All this is a little reminiscent of old-style paternalism. It is not quite the same as being paid in company scrip that must be spent in the company shop, but it is not a million miles away from it. This is paternalism-lite: staff effectively agree to put up with flattish real wages in exchange for non-monetary benefits.

That isn't awful. Far from it. Everyone wants to work in a nice place and to feel valued. A cut-price ticket to Harry Potter World has to be better than a kick in the teeth. And who could argue with the benefits of access to a financial adviser? Besides, if you dedicate yourself to using every perk, you can probably do pretty well out of the deal.

But this approach is not very fair. Everyone takes home the amount of pay they have been promised. Not everyone gets the same perks: salary substitutes disproportionately benefit those who take the time to do the admin to claim them. Companies can offer perks to all, safe in the knowledge that only a small proportion of people will take full advantage. That is why Staff Treats can charge companies just £4 a month per person for more than 3,000 offers on brands including Vue cinemas, Apple, Marks and Spencer, and Starbucks.

If I were a busy single parent with barely a second to dream of the cinema, I wonder how I would feel about watching my time-rich twenty-something coworkers guzzle free cocktails and waltz off to the movies. Not great, at a guess. I would probably be happy to trade a pay rise for flexible working. But for someone else's dance off? No.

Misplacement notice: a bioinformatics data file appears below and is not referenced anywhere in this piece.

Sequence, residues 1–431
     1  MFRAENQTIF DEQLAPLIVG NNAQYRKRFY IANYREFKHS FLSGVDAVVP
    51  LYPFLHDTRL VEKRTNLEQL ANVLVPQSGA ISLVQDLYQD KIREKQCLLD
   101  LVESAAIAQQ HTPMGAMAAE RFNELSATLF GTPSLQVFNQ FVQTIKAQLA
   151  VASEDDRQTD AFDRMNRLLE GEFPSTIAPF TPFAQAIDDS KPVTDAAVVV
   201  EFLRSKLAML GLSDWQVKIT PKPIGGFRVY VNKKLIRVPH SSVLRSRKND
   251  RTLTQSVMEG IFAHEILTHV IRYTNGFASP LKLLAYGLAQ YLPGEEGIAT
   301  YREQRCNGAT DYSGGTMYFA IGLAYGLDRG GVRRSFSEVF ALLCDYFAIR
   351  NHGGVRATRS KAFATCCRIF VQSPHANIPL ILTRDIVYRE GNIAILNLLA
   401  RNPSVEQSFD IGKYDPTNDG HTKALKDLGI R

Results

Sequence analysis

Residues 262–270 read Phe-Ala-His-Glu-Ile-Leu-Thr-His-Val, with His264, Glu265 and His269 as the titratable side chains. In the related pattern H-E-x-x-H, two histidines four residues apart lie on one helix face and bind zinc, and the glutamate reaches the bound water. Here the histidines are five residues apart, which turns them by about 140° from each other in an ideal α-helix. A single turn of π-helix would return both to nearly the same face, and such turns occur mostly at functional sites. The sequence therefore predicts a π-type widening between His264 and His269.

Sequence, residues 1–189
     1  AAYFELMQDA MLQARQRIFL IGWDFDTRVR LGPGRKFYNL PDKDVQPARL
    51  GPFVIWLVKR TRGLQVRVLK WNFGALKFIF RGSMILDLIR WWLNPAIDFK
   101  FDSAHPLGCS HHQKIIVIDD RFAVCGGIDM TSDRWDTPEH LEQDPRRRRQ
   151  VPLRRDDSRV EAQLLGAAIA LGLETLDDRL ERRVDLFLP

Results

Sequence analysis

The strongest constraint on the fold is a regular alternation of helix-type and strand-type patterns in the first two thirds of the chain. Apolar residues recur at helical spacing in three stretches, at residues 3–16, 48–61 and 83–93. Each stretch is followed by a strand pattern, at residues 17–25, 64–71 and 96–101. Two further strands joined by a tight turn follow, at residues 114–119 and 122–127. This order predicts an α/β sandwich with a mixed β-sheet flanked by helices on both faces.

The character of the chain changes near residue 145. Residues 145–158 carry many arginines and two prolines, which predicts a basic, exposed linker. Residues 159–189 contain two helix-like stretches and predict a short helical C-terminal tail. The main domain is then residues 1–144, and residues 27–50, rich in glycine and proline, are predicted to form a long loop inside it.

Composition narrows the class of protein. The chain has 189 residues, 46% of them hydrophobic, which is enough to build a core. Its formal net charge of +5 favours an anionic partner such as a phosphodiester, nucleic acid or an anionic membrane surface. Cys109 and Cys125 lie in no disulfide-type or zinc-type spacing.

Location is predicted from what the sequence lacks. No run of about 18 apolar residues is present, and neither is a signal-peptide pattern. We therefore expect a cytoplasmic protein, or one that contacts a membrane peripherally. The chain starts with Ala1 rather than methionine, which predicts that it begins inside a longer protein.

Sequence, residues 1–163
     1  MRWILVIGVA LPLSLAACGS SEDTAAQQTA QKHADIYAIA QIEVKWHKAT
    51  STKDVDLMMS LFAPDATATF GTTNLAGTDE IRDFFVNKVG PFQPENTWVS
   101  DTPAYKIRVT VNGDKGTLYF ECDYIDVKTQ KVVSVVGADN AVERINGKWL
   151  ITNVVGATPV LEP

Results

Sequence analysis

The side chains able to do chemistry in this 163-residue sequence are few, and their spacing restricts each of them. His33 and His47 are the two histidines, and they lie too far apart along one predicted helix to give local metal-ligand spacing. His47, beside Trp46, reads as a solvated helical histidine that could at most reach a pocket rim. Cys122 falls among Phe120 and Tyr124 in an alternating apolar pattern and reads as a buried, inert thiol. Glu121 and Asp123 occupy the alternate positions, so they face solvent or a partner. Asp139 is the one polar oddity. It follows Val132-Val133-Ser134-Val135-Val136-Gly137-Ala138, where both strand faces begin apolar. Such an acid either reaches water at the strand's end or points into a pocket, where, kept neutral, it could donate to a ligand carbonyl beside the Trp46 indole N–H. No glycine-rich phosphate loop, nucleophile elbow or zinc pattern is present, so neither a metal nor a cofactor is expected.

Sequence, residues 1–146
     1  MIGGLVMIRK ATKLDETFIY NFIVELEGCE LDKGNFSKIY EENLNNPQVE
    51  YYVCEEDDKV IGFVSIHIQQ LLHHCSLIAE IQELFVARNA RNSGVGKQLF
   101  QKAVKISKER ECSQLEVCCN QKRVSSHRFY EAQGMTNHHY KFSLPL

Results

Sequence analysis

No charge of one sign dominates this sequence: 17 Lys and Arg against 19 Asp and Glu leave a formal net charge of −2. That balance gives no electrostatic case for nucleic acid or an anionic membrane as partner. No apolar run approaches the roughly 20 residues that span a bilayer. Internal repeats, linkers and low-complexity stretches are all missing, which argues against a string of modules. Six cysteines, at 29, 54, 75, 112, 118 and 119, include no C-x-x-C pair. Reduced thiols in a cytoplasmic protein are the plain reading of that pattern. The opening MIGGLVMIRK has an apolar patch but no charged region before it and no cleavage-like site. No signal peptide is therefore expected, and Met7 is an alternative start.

The best perk of all is money

In the end, nothing feels as good as real money. Staff shortages are beginning to bite across the UK and the US and more employers report that they are struggling to fill vacancies. At the same time, after decades in which the labour share of income across the G20 has been falling, there seems to be a turn coming.

Strikes are starting among airline pilots and schoolteachers, and real wages are slowly rising. Staff Treats may reckon that "little things can make a big difference". But complacent employers might learn that big things mean more. Employees might work for cocktails when real money is not on offer. But when it is, odds are they won't. Suddenly, all those perks would look less like a cheap way to retain talent than an expensive waste of time.

This article was first published in the Financial Times.

Merryn Somerset Webb

Merryn Somerset Webb started her career in Tokyo at public broadcaster NHK before becoming a Japanese equity broker at what was then Warburgs. She went on to work at SBC and UBS without moving from her desk in Kamiyacho (it was the age of mergers).

After five years in Japan she returned to work in the UK at Paribas. This soon became BNP Paribas. Again, no desk move was required. On leaving the City, Merryn helped The Week magazine with its City pages before becoming the launch editor of MoneyWeek in 2000 and taking on columns first in the Sunday Times and then in 2009 in the Financial Times

Twenty years on, MoneyWeek is the best-selling financial magazine in the UK. Merryn was its Editor in Chief until 2022. She is now a senior columnist at Bloomberg and host of the Merryn Talks Money podcast -  but still writes for Moneyweek monthly. 

Merryn is also is a non executive director of two investment trusts – BlackRock Throgmorton, and the Murray Income Investment Trust.